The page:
Monday, November 2, 2009

The scent of Blue

When I was small, I seemed to see and feel things a little differently to everybody else, or so my mother seemed to think, though I was quite unaware, most of the time, of what other people did and felt.

Certain colours gave off a particular feeling and smell, the sounds of peoples' names prompted colours and shapes. I would be compelled to pick things up, if they were a certain colour, to feel them with my fingertips, or even my lips. Music always had  colour and form, as did the sounds of words.

Sometimes I would see a coloured haze around peoples' head or bodies, and colours or noises would give off a sensation of smell.  I didnt really think much of this, or the fact that Mum remarked on how odd it was when I remarked upon the colours of things which she only saw as black or white.
You are a strange child, she would say

I was much older when I read about the term synaesthesia, and it seemed to sound very much like the way I responded to things, as if the hard-wiring of my senses was a little bit off, or turned up to excess. At certain times I would have very strange reactions to things, to various physical sensations.  Nabokov wrote so synaethetically, that when I read "Speak, memory" I understood the language implicitly.

After I had children, my synaesthesia seemed to diminish somewhat. I figured that I probably had sensory overload, and my brain had closed down certain areas which were not immediately important.

Last week I managed to get to my studio.
The moment I closed the door behind me I felt a beautiful feeling come over me. I welcomed the smells, the traces of the indigo dying from last summer still hanging as a base note, the aroma of gum turpentine very faint. Cineraria leaves which had been simmering, the fragrant little cigarettes Shoufay smokes.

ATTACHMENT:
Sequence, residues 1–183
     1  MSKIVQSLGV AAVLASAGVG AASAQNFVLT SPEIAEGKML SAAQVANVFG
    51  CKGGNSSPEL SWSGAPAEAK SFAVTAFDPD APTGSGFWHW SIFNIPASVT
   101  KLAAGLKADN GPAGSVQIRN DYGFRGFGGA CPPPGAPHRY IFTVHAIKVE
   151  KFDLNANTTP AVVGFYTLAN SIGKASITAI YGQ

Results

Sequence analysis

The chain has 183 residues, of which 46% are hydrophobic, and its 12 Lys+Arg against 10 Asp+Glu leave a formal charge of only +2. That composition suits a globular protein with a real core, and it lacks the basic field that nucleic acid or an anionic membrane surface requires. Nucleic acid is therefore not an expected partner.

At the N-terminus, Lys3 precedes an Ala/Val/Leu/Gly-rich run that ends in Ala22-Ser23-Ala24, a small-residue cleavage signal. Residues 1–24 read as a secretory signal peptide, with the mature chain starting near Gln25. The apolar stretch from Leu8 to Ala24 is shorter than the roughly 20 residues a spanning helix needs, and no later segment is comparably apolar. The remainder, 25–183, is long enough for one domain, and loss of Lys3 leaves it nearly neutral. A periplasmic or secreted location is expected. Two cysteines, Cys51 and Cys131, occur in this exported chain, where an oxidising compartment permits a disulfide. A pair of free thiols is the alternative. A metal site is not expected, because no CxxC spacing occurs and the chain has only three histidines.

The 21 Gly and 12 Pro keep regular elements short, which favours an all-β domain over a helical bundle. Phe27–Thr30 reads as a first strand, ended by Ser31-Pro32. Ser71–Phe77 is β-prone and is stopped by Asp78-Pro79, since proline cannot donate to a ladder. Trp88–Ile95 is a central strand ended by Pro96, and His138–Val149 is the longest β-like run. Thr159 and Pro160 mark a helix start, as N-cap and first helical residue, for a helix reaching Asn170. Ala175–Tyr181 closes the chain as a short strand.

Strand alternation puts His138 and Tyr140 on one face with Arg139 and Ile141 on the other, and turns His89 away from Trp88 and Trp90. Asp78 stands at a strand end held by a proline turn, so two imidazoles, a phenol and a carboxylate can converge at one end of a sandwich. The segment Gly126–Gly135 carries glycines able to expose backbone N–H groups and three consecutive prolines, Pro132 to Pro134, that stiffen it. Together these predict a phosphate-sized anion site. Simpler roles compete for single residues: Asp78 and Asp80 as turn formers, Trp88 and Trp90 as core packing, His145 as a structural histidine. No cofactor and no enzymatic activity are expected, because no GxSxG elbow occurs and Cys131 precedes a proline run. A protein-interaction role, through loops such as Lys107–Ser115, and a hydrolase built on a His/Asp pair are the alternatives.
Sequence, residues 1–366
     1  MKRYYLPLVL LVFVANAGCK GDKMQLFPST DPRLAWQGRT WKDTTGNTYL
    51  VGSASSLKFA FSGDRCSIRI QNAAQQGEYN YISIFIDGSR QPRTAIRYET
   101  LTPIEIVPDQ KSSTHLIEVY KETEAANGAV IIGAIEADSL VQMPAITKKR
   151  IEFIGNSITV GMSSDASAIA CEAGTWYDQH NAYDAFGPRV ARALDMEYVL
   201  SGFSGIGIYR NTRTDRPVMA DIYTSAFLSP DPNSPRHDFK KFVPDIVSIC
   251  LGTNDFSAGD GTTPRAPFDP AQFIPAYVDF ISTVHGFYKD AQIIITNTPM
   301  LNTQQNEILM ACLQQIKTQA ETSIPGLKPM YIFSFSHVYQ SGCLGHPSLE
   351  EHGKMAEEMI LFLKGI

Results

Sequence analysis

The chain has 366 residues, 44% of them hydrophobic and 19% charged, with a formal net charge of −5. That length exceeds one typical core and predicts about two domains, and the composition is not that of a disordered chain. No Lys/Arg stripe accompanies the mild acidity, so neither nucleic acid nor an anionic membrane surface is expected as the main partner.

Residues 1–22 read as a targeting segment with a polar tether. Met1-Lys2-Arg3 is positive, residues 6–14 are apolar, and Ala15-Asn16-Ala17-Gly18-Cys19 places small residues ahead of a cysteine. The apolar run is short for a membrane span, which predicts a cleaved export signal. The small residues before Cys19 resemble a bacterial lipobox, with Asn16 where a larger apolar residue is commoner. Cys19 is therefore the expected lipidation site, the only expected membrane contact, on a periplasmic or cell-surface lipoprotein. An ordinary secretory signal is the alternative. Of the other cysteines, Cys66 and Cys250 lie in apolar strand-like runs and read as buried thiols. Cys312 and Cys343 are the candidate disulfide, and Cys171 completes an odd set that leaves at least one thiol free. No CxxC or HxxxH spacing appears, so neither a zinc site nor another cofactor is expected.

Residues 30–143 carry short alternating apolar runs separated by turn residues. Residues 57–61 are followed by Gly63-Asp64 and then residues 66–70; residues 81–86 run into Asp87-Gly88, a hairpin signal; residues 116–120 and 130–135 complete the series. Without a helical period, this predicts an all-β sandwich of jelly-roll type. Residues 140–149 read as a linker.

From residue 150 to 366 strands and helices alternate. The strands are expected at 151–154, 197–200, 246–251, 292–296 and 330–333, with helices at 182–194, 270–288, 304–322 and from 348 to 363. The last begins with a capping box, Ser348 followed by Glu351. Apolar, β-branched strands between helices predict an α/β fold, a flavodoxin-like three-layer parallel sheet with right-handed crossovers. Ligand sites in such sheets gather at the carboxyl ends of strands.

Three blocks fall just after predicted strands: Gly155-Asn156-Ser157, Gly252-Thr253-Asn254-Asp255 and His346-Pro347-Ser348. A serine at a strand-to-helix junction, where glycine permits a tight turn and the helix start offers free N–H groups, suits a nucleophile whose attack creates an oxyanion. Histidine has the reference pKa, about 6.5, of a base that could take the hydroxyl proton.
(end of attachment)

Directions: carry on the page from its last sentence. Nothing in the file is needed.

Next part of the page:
But today I have a small parcel: inside it is a CD and some pictures of paintings, originally Venetian, but currently in Paris. I begin to feel that strange soft buzzing in my face and hands.
I put on the music.

It is Vaughan Williams' Fantasia on a Theme of Thomas Tallis.

It is so known yet unknown, so beautiful that images immediately seem to swell out of nowhere into my head. I hold my large fat brush, with Titian's girl beside me, and spread the colours: Ultramarine blue, a golden Olive green, Viridian, Indigo, turquoise. Light flickering on underwater skin.

As I paint I seem to fragment into some multidimensional world, where I am in the pastoral scene described by the music: edges of land and sea, indigo shadows, bright cliffs and undulating landforms. Birds.

There is light coming in the windows as I spread the layers of paint onto the surface. As I change colour, I become aware that I can smell them, sharply. Not the actual scent of paint, but the sharp smell of the colour itself: the Olive Green smells like rotting food, the Ultramarine sharp and salty, high and sweet, Indigo smells like the darkest tone of a rose.

I look at the detail of the sash in the Titian painting: he has used Ultramarine for the highlights of the fabric, and a golden shade of Olive green for the shadows, like shot silk. The same exact two colours i am using.

The Fantasia continues in my head. It has been quite some time since I found myself in this state. I wonder then, if Titian and the Venetians ever had the same sensation.

Closing the door behind me when I leave, the real world floods in.